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INTERVIEW: Michelle Kestrel

Kadupul is the new EP by percussionist and producer Michelle Kestrel, due out on Seattle's Eklectic Sounds, a new, multi-genre, sister label to the iconic West Coast house music mainstay, Uniting Souls Music. 

Deeply influenced by ambient, world and underground dance music, Michelle's compositions are a confluence of dreamy synths, haunting dub crashes, lush tabla, percussive polyrhythms and shuffling dance beats. We caught up with the artist at her Pacific Northwest home, and here’s what she had to share.



Can you tell us a little about your experience? Where are you from/how did you get into music?


I grew up in Seattle and I was very young when I discovered the rich underground dance music culture of the city. I was obsessed with all kinds of music from around the world, ambient music, hip hop, industrial, tribal house, trance, downtempo, reggae, dub, samba, afrobeat, qawwali, bhajans, ghazal, taiko, anything I could get my hands on. I would check out everything I could from the public library, from friends and a record store called Orpheum Records.

There was a Saturday morning radio show called Positive Vibrations that always started the morning off with classic, early dub. I loved the stripped-down bass and drums, the heavy reverb and meditative melodies. I knew I wanted to produce my own music, I wanted to make my own kind of dub. I wanted to innovate.


I began studying Indian classical tabla in 2001, after many years of casually playing hand drums like dholak and darbuka. I studied tabla in Los Angeles and in Kolkata, India, and when I returned from my concentrated months of study, I wanted to merge my love for underground dance music with the rhythmic compositions I had learned.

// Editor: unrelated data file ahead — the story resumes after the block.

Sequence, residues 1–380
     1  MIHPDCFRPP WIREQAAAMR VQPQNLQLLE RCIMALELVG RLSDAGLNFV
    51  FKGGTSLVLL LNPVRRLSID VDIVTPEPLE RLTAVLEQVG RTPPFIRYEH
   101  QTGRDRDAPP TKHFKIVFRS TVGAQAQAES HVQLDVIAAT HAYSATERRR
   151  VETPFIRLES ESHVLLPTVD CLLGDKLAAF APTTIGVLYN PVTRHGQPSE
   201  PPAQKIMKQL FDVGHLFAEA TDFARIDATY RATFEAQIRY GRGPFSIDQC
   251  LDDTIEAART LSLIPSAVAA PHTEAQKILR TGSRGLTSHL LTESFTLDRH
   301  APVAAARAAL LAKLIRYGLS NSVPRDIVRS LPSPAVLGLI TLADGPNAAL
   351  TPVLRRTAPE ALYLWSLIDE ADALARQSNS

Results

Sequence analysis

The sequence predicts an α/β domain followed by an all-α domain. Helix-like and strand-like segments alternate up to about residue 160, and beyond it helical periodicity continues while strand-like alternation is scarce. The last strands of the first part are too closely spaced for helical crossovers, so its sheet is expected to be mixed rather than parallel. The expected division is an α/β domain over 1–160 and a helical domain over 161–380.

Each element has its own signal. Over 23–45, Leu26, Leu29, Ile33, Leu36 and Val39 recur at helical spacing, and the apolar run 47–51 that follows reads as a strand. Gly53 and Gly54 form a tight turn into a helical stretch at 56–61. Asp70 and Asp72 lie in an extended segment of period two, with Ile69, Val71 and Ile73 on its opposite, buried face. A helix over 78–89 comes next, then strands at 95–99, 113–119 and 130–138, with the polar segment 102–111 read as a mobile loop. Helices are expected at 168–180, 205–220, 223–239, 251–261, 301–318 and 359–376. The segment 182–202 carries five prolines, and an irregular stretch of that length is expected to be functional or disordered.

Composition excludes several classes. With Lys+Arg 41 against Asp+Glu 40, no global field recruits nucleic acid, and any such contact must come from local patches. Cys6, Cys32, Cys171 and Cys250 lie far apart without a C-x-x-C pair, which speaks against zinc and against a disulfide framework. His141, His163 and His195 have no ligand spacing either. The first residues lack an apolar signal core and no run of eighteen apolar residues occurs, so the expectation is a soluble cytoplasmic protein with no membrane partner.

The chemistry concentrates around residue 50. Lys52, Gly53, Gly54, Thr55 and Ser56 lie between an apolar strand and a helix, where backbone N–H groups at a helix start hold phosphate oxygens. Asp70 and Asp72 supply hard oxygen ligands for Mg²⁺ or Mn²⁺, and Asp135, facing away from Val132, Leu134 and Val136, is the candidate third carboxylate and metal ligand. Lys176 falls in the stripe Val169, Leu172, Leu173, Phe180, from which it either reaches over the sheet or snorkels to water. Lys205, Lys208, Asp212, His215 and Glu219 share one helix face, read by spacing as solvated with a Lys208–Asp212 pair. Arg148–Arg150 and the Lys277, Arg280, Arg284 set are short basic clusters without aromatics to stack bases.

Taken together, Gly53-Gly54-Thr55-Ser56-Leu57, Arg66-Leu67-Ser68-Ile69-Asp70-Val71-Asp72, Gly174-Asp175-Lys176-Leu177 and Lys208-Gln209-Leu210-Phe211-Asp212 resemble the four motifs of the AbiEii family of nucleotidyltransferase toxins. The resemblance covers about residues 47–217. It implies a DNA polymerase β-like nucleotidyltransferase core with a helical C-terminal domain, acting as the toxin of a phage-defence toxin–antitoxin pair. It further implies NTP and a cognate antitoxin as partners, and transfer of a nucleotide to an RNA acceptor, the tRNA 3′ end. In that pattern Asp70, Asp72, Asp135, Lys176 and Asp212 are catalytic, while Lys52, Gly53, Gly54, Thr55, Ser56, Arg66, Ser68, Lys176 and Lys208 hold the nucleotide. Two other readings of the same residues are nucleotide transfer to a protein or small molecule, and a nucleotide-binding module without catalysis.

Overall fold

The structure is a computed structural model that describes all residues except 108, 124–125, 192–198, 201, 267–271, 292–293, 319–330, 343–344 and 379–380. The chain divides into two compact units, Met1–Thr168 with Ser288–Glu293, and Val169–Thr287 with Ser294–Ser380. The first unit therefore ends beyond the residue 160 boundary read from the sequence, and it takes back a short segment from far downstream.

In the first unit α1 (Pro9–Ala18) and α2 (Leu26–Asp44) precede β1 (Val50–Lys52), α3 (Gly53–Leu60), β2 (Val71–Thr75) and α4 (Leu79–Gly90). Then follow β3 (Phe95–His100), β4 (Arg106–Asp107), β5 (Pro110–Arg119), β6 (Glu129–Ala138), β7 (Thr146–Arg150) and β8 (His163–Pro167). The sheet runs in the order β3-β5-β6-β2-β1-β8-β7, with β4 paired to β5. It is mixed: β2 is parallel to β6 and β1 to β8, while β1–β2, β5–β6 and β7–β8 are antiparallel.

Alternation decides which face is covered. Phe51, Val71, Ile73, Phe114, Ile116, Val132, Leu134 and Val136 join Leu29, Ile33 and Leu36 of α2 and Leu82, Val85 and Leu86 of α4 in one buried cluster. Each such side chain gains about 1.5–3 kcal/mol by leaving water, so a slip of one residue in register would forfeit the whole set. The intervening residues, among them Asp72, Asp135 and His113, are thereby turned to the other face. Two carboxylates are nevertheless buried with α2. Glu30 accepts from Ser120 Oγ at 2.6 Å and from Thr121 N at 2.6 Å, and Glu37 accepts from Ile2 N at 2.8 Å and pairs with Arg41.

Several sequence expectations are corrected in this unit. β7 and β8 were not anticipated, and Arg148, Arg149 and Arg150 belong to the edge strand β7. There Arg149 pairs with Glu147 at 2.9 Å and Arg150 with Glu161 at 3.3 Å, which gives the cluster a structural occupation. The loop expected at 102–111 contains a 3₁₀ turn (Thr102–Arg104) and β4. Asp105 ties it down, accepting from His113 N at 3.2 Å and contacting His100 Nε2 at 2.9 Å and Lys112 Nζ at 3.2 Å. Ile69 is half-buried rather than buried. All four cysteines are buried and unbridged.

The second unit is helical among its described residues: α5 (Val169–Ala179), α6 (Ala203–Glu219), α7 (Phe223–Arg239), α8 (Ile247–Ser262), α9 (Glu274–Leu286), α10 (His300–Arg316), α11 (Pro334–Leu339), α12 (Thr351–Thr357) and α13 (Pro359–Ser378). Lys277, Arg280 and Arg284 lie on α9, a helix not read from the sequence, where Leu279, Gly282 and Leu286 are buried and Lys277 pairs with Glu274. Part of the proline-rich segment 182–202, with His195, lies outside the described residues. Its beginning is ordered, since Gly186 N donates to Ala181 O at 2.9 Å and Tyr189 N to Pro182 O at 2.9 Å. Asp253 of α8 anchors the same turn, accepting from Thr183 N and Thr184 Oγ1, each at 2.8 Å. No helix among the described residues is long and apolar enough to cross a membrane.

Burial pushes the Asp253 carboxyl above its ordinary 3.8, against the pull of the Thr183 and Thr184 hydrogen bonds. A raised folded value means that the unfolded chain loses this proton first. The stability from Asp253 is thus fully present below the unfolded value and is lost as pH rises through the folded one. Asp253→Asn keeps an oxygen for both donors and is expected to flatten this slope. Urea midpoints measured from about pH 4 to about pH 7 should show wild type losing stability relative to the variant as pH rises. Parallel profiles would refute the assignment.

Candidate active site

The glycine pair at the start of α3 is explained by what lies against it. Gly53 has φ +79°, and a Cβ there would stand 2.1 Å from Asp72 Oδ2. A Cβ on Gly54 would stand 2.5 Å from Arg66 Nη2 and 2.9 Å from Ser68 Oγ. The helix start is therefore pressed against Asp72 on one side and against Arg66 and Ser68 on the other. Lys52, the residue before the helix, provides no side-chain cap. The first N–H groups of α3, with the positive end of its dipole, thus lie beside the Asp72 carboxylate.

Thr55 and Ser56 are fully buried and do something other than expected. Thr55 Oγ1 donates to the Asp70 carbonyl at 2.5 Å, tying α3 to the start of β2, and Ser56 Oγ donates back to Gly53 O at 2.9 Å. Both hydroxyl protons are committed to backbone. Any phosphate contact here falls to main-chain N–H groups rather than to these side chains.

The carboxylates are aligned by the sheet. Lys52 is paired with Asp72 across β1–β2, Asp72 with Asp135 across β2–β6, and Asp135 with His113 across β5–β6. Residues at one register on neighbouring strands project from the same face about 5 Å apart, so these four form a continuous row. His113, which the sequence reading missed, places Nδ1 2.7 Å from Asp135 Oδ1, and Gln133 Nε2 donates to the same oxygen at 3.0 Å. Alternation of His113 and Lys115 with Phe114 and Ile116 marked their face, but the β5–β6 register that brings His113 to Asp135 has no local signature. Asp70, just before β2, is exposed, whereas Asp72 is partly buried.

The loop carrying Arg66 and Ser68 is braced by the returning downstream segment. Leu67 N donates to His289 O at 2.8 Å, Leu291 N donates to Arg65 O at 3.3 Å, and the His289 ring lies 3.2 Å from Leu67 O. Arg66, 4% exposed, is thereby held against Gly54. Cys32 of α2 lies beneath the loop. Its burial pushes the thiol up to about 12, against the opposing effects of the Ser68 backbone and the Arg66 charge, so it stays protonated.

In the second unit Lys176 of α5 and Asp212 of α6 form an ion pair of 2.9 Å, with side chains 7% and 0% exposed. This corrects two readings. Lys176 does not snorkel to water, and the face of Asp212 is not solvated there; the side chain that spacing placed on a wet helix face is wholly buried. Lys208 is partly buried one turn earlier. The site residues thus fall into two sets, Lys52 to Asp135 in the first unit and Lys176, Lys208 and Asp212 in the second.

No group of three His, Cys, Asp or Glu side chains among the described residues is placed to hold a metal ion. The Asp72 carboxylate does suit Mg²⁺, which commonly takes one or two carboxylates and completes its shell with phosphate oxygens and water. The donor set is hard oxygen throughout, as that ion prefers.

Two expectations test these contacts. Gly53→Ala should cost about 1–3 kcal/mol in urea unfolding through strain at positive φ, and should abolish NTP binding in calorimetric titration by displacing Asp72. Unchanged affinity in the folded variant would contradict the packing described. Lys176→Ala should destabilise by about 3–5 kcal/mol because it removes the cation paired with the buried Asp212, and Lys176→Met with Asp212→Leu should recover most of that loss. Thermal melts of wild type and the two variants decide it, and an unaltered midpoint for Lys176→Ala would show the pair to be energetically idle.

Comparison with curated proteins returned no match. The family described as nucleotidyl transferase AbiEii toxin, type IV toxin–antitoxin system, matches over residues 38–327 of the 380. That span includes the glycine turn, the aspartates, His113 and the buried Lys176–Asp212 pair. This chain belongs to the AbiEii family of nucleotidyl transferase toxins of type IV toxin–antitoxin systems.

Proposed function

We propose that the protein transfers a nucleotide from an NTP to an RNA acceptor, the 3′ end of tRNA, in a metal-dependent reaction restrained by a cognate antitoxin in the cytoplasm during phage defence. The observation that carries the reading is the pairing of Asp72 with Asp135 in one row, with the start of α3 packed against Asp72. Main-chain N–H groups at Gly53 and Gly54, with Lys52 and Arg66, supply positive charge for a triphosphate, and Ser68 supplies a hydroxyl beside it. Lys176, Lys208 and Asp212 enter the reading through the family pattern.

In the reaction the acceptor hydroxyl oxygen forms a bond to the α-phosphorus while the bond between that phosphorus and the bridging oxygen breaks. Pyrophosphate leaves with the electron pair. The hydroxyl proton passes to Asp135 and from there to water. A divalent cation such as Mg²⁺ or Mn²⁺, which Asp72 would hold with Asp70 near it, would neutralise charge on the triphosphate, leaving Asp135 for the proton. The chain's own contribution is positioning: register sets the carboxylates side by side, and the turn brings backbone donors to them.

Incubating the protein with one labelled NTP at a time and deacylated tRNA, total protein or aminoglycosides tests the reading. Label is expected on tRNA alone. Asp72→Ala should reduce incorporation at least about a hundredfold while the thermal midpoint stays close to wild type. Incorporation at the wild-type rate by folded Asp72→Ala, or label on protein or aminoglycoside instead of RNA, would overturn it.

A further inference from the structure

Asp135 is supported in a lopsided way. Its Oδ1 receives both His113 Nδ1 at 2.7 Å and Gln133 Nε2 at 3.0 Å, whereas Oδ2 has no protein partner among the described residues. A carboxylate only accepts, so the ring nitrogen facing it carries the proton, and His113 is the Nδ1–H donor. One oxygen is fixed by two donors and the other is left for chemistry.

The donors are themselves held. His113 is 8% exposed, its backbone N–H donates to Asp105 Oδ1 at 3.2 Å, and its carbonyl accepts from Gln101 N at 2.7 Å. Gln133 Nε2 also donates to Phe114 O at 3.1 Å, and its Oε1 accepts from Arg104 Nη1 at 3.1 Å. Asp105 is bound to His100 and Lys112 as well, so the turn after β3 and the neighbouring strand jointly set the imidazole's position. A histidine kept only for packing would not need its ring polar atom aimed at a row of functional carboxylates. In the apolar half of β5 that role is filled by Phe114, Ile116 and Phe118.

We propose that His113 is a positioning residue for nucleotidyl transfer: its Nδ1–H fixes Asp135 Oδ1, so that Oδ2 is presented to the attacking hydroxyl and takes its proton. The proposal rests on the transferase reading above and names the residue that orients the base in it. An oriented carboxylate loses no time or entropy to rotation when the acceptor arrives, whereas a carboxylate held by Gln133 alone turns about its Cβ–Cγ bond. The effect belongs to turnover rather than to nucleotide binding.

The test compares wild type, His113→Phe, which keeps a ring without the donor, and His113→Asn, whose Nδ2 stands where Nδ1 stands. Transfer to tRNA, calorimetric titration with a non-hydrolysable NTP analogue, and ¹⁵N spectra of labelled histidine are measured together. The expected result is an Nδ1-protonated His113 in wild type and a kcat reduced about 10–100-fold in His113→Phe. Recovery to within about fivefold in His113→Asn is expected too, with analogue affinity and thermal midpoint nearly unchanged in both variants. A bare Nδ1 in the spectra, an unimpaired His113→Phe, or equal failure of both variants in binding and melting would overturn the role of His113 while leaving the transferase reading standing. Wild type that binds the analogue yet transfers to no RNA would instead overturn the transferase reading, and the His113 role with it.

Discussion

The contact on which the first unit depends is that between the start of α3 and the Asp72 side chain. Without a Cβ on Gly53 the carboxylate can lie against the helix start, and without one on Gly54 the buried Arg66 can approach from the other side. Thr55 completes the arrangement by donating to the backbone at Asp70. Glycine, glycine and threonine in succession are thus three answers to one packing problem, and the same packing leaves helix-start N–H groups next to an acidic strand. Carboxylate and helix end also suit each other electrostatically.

I played tabla for many song writers and devotional music groups around Los Angeles and was in a live electronic band for many years in Seattle. I began using Ableton Live in 2014 for performances and to record. We played a lot of very fun festivals, club nights and private parties. As a dancer myself, playing music that people wanted to dance to was so exciting!.


How did the Kadupul project come about? What inspired you, and what do you want to convey in this work? 


Kadupul started as part of a live set I wrote for my 2023 performances. It was originally titled ''Caravan”, I wrote it especially for a global dance music night of the same name that happens monthly in Seattle. Kadupul is a special, night-blooming cactus that I have had for 13 years that finally bloomed, it became a metaphor for my own long-awaited blossoming as a solo musician and producer.

I was inspired by my own dance floor experiences post pandemic, the type of music that was moving me was funky, it was dreamy, it was a little weird, but absolutely uplifting. I wanted to make music that felt like flying, but grounded. Strange, but graceful.


I wanted to convey the boldness of my own new start, to celebrate my musical sovereignty and honor the abundance of emotions that compel me to keep creating. Grief and love, pleasure and longing, heartache and healing.  All the elements of life, the beautiful and tragic drama of these last few years on the planet.